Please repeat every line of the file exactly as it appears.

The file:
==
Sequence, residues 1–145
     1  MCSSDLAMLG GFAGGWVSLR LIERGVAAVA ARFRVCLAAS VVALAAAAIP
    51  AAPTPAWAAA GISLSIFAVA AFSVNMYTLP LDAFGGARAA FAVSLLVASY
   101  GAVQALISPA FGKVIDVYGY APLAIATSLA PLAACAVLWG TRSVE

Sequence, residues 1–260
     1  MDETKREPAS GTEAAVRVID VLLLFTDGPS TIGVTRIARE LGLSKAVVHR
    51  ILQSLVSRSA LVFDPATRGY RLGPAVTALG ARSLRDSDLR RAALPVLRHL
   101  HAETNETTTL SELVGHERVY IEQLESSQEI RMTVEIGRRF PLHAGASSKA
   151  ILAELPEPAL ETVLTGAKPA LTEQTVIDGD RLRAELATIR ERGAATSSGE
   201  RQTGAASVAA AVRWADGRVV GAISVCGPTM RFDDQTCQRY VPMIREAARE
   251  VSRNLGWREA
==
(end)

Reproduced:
Sequence, residues 1–145
     1  MCSSDLAMLG GFAGGWVSLR LIERGVAAVA ARFRVCLAAS VVALAAAAIP
    51  AAPTPAWAAA GISLSIFAVA AFSVNMYTLP LDAFGGARAA FAVSLLVASY
   101  GAVQALISPA FGKVIDVYGY APLAIATSLA PLAACAVLWG TRSVE

Sequence, residues 1–260
     1  MDETKREPAS GTEAAVRVID VLLLFTDGPS TIGVTRIARE LGLSKAVVHR
    51  ILQSLVSRSA LVFDPATRGY RLGPAVTALG ARSLRDSDLR RAALPVLRHL
   101  HAETNETTTL SELVGHERVY IEQLESSQEI RMTVEIGRRF PLHAGASSKA
   151  ILAELPEPAL ETVLTGAKPA LTEQTVIDGD RLRAELATIR ERGAATSSGE
   201  RQTGAASVAA AVRWADGRVV GAISVCGPTM RFDDQTCQRY VPMIREAARE
   251  VSRNLGWREA